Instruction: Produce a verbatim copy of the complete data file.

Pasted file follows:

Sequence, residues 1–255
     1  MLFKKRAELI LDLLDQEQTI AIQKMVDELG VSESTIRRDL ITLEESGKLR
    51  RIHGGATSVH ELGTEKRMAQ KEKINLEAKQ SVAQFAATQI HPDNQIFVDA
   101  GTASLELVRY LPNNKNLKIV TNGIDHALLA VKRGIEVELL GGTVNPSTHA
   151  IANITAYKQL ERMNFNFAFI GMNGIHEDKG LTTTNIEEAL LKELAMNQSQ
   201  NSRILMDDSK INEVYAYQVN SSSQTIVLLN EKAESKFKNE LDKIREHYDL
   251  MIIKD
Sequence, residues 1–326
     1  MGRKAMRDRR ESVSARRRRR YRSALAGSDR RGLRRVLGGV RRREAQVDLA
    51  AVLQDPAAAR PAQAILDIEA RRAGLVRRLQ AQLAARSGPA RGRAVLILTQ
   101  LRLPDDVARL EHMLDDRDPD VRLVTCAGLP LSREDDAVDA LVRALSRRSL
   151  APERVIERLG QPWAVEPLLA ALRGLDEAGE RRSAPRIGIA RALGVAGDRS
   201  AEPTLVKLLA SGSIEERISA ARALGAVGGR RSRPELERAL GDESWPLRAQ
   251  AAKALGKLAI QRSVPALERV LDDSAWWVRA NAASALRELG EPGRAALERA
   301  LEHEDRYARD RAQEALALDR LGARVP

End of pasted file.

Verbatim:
Sequence, residues 1–255
     1  MLFKKRAELI LDLLDQEQTI AIQKMVDELG VSESTIRRDL ITLEESGKLR
    51  RIHGGATSVH ELGTEKRMAQ KEKINLEAKQ SVAQFAATQI HPDNQIFVDA
   101  GTASLELVRY LPNNKNLKIV TNGIDHALLA VKRGIEVELL GGTVNPSTHA
   151  IANITAYKQL ERMNFNFAFI GMNGIHEDKG LTTTNIEEAL LKELAMNQSQ
   201  NSRILMDDSK INEVYAYQVN SSSQTIVLLN EKAESKFKNE LDKIREHYDL
   251  MIIKD
Sequence, residues 1–326
     1  MGRKAMRDRR ESVSARRRRR YRSALAGSDR RGLRRVLGGV RRREAQVDLA
    51  AVLQDPAAAR PAQAILDIEA RRAGLVRRLQ AQLAARSGPA RGRAVLILTQ
   101  LRLPDDVARL EHMLDDRDPD VRLVTCAGLP LSREDDAVDA LVRALSRRSL
   151  APERVIERLG QPWAVEPLLA ALRGLDEAGE RRSAPRIGIA RALGVAGDRS
   201  AEPTLVKLLA SGSIEERISA ARALGAVGGR RSRPELERAL GDESWPLRAQ
   251  AAKALGKLAI QRSVPALERV LDDSAWWVRA NAASALRELG EPGRAALERA
   301  LEHEDRYARD RAQEALALDR LGARVP